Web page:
Bill to Transform Marijuana Regulation from State Sen. Kohl-Welles

Washington State’s marijuana reform hasn’t been ideal. The industry got off to a slow start and when compared to Colorado’s vertically integrated structure that blends the medical and recreational industries together, you can see the flaws in Washington’s regulatory process for cannabis. This prompted State Senator Jeanne Kohl-Welles to propose a new bill that would regulate both industries under a single system. This is similar to what’s found in Colorado and it’s something that many say is a must to kick start Washington’s marijuana market.

Under the new bill, adults would be allowed to grow as many as six marijuana plants and taxation would be significantly reduced to help encourage the industry in a positive way.

Welles says that she will pre-file the bill ahead of the legislative period that occurs in January.

“We have a regulated recreational system, but not for medical marijuana. We’ve got to take a new look at this.” said Welles.

The bill would essentially bring medical marijuana into the regulatory system that the state already has in place. Dispensaries, known as collective gardens in Washington, would be expected to phase themselves out by 2016. However, any growers that have been successfully growing and distributing their product under the medical marijuana system can apply to grow under the new system, much like what was done in Colorado. This helped the state get the recreational industry off the ground at rapid pace and it could provide the much needed kick start that Washington is looking for. Additionally, the bill would allow dispensary owners to apply to own a recreational store, something that is currently difficult with the state’s limit on recreational stores.

The bill proposes a solution that would also significantly reduce taxation on marijuana. The current system imposes an excise tax at every stage of the supply chain, including producer, processor and retail. The new bill would consolidate these taxes and only tax at one stage, paid by consumers at the point of sale in retail stores. It’s a much simpler, more reformed approach.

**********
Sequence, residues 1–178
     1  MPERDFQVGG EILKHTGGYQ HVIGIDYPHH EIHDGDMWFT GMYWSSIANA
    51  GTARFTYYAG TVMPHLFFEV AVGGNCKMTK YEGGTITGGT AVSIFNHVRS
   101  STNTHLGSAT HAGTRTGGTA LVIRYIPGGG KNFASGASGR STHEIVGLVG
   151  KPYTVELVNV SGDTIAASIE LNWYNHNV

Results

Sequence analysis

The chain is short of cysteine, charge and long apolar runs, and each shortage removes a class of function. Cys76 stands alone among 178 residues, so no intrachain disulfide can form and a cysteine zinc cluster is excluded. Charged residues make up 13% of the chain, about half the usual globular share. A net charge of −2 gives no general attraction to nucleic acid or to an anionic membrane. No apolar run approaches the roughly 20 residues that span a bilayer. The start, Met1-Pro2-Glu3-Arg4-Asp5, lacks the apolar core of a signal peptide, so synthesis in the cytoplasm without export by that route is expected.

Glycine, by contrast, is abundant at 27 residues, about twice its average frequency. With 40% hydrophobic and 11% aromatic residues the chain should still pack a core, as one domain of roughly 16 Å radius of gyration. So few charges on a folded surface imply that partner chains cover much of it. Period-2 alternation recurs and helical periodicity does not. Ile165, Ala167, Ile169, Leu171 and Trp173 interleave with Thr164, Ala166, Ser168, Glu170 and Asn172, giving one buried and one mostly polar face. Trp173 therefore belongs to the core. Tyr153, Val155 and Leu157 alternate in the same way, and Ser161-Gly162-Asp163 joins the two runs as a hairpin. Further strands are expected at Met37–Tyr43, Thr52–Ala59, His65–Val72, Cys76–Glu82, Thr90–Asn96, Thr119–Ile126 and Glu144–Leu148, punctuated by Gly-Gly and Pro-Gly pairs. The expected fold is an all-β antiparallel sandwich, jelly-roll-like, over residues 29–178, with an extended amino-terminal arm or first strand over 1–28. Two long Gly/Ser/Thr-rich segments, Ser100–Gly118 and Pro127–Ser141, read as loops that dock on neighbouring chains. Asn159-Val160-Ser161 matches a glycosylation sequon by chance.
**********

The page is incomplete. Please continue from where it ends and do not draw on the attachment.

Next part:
Welles also commented that the tax would go through renaming, allowing businesses to deduct expenses from federal taxes. At the moment, cannabis businesses must pay federal income tax on their gross sales and this is before state taxes are paid.

Part of the bill would include a tax break for high CBD products, which are common in the medical marijuana industry. CBD is one of the primary cannabinoids in marijuana and is often infused in oils and other marijuana products. The tax break would help reduce the need for authorizations.

The bill would even reduce the 1,000 foot rule that makes it illegal for marijuana related businesses to be within 1,000 feet from any schools, parks or places where children frequently access. Instead, a 500 foot rule would be enforced, which would make it significantly easier for businesses to find a location to operate from. The bill would additionally make it possible for local governments (cities) to revert back to the 1,000 foot policy if they wanted.

Third parties would also be able to make pot deliveries from the grower to the retailer, making it possible for recreational marijuana stores to maintain their stock much easier. A cannabis board would be established to provide research licenses for studying marijuana and its effects. Furthermore, the bill would give local governments a reason to approve cannabis businesses, by sharing the tax revenue specifically within the areas that participate in the marijuana industry.

Welles believes the bill should be appealing because it’s not trying to dictate where marijuana revenue should go and it only streamlines current processes and improves them.

“The bills we had last year were much more complex than this. This is pretty straightforward. I’m just trying to come up with good, strong rational policy,” she said.

Those in the medical marijuana industry said that they would need to take a better look at the bill before deciding on whether or not it’s good for them, but they saw aspects that they liked.

The executive director of Hempfest stated: “From what I’ve seen so far, yes, I believe I would support it. This potential legislation is the best approach I’ve seen come out of Olympia so far at harmonizing the disparities between our medical and recreational cannabis industries in Washington state. Senator Kohl-Welles has taken time to hear the patient community.” -Vivian McPeak

Philip Dawdy, an industry lobbyist said that the legalization of home growing is a promising aspect to the bill, but he’d need to see the bill in full before deciding. Dawdy commented that Welles has been a strong advocate of the medical marijuana industry, but her bill won’t be the only one coming up this session and there will likely be others with promising aspects as well.

“You’ve got to measure all of this against a new reality in Olympia. The Republicans are in charge in the Senate and (Sen.) Ann Rivers is their go-to on this issue and she’s working on legislation herself.”

Ann Rivers was asked about the bill on Friday, but wasn’t ready to comment on it.

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